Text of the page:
Florida Chamber annual gathering to highlight the Sunshine State’s ‘golden’ outlook

Mark-Wilson-Prosperity-Summit
Wilson said Chamber economists predict that over the next eight years, Florida will add 3.5 million more people requiring 1.62 million more jobs.

To say the Florida Chamber of Commerce’s expectations for the future of the state is sunny would be an understatement. The organization representing business interests here has declared the theme of this year’s Annual Meeting & Future of Florida Forum to be the buoyant “Florida: As Good as Gold.”

The agenda for the event is chockablock with sessions and panels covering a wide variety of topics of interest to business leaders. Some are perennial subjects, such as transportation, safety and what Chamber President and CEO Mark Wilson calls Florida’s “lawsuit abuse bonanza.”

Others cover the challenges and opportunities presented by Florida’s phenomenal growth and the accelerating pace of change in the areas of affordable housing, economic development, space, workforce, transportation, supply chain, education, election trends and children.

Set for Oct. 24-25 at Disney’s Coronado Springs Resort in Orlando, the forum kicks off with a “state of the state” message from Wilson. He’ll wrap it up with a look at Florida’s future.

The Florida Chamber Foundation made a commitment to the state’s future when it unveiled “Florida 2030: The Blueprint to Secure Florida’s Future” in 2019, featuring lists of goals and strategies the Chamber has been chipping away at ever since. Wilson said Chamber economists predict over the next eight years, Florida will add 3.5 million more people requiring 1.62 million more jobs. Expect 50 million more annual visitors and 3 million more drivers on the roadways.

“It is essential to get this right,” he said.

“The entire Florida 2030 blueprint is based on knowing that this is the direction we’re headed. How do we design roads the right way? How do we make sure freight happens the right way? How do we do affordable housing?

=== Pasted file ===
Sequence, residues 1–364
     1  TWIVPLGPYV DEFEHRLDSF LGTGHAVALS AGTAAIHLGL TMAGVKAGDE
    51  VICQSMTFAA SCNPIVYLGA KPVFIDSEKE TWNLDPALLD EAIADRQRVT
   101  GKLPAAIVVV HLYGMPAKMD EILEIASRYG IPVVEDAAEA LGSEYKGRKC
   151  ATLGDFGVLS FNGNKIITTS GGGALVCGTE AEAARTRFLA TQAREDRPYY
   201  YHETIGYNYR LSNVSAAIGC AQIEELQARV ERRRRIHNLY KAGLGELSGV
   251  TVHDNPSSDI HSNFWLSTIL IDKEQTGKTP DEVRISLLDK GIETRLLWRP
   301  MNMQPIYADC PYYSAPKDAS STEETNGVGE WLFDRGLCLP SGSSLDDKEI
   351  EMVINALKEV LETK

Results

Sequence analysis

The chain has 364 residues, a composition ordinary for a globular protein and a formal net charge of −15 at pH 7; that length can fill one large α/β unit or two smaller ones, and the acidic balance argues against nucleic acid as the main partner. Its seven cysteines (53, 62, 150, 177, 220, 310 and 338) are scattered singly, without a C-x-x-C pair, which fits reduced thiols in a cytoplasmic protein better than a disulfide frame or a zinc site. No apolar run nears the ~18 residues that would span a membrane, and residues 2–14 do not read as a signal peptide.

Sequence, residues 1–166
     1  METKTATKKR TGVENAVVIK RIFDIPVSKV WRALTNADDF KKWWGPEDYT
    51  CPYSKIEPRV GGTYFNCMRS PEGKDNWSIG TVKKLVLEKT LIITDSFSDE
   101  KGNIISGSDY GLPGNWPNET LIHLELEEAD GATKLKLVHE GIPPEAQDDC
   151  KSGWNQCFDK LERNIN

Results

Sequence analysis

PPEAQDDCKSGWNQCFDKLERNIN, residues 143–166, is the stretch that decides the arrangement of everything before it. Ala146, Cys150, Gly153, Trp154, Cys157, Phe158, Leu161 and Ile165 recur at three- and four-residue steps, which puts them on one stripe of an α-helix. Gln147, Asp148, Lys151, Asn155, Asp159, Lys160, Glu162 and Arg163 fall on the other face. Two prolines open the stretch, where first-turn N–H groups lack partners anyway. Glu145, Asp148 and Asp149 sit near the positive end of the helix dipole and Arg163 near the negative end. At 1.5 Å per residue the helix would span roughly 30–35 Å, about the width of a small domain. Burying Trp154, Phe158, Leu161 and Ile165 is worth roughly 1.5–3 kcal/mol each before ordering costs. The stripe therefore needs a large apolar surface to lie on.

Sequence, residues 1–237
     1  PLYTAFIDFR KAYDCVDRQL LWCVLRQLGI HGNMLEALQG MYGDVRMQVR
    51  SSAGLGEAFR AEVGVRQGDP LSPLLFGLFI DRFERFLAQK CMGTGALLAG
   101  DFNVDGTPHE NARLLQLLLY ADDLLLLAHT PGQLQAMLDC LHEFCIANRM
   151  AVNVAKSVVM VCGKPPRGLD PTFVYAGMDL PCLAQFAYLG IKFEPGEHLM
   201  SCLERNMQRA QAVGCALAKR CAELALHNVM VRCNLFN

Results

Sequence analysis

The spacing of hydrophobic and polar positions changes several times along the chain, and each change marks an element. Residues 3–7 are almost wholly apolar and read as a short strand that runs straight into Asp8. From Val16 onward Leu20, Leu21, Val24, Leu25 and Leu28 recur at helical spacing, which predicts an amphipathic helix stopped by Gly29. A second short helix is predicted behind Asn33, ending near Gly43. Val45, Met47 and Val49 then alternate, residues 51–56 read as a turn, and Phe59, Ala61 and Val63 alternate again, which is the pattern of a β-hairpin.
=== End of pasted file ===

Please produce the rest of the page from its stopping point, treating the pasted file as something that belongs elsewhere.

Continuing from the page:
“If police officers and nurses and first responders can’t afford to live in the communities that they serve and protect, then we have a crisis. So how do we design communities? How do we do education? How do we fix our broken legal climate? How do we make sure all of this works together in a way that we can manage the growth?”

At the forum, the Florida Chamber will unveil an updated version of its Florida Gap Map. The interactive website will offer users more than 100 metrics and data points zeroed in down to the zip code level. The original version could pinpoint the percentage of children living in poverty in each ZIP code. And by clicking on individual schools, one can find the exact number of children who are not reading at a third-grade level and a school’s reading score.

“It’s probably the single most powerful online tool that has ever existed to combat childhood poverty and to improve third grade reading scores,” Wilson said, noting that lowering the number of poor children and boosting their achievement isn’t a feel-good altruistic effort for Florida businesses.

“These are our future workers. One way Florida can compete over the next 20 or 30 years is, what if we had 100% of kindergarteners ready for kindergarten and they were ready to learn? And then what if 100% of our third graders could read at or above grade level? No other state in the country could compete with us.”

Registration for the day-and-a-half long event is now $559. For $399, participants can opt to attend via livestream. “We have a lot of customers who are taking that option. … I think we’re gonna be in the hybrid event business for at least a decade,” Wilson said.

Rosanne Dunkelberger



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